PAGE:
4 Myths about Habitat for Humanity

1.) Habitat for Humanity Gives Homes Away


This is probably the biggest misconception people have about Habitat for Humanity – that we just give houses away. On the contrary, we arrange for them to be sold affordably to people who would otherwise be unable to buy them. Homeowners don’t pay interest on their mortgages, and their mortgages are priced affordably for the homeowner. 

Our organization sells homes to buyers who meet our program’s qualifications, take mandatory classes and agree to contribute 250 “sweat equity” hours. The Sweat Equity Hours requirement mandates that the homeowners work alongside volunteers on their new home, or in our Habitat stores. Rather than conventional financing through a bank, Habitat mortgages are financed directly through Habitat for Humanity Seattle – King County.

2.) Habitat was Founded by Jimmy Carter

Jimmy Carter volunteering for Habitat for Humanity

It is easy to see where people got this idea, considering President Carter has been the public face of the organization for over 30 years. The Carters’ involvement began in 1984 when President Carter and his wife Rosalynn led a Habitat team in New York City tasked with renovating a six-story building that served 19 families in need. Now 95 years old, Carter still participates in Habitat builds and continues to lead his Carter Work Project (an annual home-building blitz organized by Habitat for Humanity.)

The idea behind Habitat for Humanity was actually created at Koinonia Farm, a small Christian community outside Americus, Georgia. It was founded in the early 1940s by farmer and biblical scholar Clarence Jordan. The community was one of the first interracial communities in the United States, a place where black and white people could work alongside each other with respect and understanding.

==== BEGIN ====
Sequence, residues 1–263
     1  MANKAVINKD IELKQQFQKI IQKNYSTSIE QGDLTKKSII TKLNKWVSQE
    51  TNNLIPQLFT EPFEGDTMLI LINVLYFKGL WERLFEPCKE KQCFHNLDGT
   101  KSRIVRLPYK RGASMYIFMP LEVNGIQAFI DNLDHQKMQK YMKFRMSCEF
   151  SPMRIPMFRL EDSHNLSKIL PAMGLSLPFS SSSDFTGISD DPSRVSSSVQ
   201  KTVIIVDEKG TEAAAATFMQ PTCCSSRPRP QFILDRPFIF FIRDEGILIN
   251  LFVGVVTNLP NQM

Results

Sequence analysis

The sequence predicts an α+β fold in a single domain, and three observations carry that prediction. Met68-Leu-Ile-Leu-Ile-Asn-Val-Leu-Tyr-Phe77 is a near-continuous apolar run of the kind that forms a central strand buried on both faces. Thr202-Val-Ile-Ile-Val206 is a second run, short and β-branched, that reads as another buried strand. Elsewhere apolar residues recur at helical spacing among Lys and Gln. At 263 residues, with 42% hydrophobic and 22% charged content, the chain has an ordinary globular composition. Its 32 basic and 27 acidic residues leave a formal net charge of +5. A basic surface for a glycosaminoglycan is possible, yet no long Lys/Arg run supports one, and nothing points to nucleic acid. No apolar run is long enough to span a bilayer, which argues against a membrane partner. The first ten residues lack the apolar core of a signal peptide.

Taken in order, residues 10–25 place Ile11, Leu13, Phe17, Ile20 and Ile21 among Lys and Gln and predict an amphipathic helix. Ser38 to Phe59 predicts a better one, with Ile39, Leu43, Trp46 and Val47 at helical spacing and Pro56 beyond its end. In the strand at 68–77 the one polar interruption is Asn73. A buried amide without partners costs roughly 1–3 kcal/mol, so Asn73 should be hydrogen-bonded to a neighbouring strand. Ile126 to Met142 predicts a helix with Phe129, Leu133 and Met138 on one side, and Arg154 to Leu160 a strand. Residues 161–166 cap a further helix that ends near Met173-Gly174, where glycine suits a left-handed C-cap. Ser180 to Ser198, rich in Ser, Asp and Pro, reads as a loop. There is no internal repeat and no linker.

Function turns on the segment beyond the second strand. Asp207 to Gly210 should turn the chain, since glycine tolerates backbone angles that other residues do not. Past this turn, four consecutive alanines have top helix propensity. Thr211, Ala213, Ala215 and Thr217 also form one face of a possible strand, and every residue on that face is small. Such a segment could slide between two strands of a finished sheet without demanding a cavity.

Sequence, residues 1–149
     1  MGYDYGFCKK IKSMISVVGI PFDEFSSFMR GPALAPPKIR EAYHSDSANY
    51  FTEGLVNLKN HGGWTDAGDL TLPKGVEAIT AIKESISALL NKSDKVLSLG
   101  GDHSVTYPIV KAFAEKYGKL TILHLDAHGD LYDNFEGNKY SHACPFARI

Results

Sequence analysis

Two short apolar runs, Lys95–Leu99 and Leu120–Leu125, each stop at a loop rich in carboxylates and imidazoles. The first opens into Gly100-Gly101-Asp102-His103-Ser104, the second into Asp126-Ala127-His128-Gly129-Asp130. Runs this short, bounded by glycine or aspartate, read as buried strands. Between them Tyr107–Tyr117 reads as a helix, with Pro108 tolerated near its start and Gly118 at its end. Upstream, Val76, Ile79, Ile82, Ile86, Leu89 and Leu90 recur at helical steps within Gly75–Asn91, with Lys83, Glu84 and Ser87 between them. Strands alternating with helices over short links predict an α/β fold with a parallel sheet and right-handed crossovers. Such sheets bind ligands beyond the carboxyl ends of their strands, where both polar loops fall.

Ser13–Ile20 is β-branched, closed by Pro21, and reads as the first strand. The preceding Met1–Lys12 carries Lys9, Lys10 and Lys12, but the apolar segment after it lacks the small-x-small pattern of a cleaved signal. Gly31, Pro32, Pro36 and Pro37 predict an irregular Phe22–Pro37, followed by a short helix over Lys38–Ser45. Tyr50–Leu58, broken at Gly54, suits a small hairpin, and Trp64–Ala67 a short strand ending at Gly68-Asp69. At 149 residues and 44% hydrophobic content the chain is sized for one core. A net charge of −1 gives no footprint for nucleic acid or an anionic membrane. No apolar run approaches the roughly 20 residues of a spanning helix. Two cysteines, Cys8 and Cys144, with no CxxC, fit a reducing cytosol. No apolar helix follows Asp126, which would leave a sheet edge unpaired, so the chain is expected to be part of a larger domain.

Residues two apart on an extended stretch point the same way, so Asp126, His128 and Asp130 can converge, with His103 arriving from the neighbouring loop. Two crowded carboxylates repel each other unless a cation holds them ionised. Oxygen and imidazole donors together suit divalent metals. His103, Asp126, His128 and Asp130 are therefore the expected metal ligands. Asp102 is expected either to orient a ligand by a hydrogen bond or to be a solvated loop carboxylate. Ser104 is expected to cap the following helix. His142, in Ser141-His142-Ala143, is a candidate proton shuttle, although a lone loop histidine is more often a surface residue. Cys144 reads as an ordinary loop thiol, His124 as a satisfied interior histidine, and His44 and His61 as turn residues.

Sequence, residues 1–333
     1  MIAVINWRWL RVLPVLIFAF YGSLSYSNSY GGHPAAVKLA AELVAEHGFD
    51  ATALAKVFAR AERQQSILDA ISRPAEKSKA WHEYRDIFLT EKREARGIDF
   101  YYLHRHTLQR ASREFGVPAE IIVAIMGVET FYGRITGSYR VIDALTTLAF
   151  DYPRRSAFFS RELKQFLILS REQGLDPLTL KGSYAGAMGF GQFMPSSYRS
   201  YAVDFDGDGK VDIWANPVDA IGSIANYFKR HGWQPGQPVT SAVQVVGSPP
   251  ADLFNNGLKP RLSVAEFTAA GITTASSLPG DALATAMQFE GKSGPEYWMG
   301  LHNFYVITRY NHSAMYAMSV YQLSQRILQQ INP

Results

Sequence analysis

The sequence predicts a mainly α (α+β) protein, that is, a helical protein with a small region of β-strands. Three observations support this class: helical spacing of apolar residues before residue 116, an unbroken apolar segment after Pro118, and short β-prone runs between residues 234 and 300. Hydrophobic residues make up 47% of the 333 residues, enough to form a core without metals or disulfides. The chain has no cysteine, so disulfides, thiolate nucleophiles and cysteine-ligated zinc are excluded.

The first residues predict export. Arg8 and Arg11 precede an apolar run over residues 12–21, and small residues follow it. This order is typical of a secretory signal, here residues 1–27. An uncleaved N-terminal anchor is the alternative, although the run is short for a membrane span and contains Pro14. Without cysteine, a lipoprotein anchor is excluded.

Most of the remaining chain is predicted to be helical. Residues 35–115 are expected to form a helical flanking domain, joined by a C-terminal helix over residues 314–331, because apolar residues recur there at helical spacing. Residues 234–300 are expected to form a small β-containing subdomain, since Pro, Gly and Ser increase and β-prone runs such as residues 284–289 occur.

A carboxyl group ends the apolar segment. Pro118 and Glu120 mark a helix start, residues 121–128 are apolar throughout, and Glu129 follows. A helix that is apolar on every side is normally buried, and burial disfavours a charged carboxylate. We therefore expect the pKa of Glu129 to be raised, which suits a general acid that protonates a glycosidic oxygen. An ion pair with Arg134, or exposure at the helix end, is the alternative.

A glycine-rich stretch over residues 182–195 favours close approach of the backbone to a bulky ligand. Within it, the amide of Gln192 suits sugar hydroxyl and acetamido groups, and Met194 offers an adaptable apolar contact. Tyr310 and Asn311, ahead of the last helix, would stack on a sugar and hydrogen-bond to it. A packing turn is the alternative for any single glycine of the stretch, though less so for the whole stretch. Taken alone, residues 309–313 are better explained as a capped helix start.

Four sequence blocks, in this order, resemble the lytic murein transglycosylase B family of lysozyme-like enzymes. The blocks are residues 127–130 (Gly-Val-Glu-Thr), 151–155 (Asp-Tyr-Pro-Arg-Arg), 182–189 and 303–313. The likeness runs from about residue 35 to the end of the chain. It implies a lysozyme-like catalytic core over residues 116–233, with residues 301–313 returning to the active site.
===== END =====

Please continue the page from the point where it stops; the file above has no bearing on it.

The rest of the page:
There on the farm, Jordan and Habitat’s eventual founders (Millard and Linda Fuller) created the idea of “partnership housing.” Partnership housing calls on future homeowners to work side by side with other volunteers to build quality, affordable homes.

In the decades since Koinonia Farm was established, Habitat for Humanity has continued to bring together people with different racial and cultural backgrounds to build homes, and improve their own communities. 

3.) You need a Construction Background

construction site manager

If you have been hesitant about signing up as a volunteer because you didn’t think you had enough knowledge, worry no more! Habitat provides training for construction volunteers, and our AmeriCorps members and staff will be there with you to answer questions and give guidance. To learn more about our volunteer opportunities be sure and visit our website. Keep in mind that outside of new home construction we also need volunteers to help with Habitat’s home repairs team and inside our stores!

4.) Habitat only Builds New Homes

Building homes for local families is a big part of what we do, but Habitat also serves other needs in the community. We offer adult education classes on a variety of subjects for new homeowners, and our Home Repair Program provides repairs services to homeowners outside of Habitat who need assistance with critical repairs that will alleviate health and safety issues. Habitat also offers Home Preservation as a component of the Repair Program to address minor home maintenance.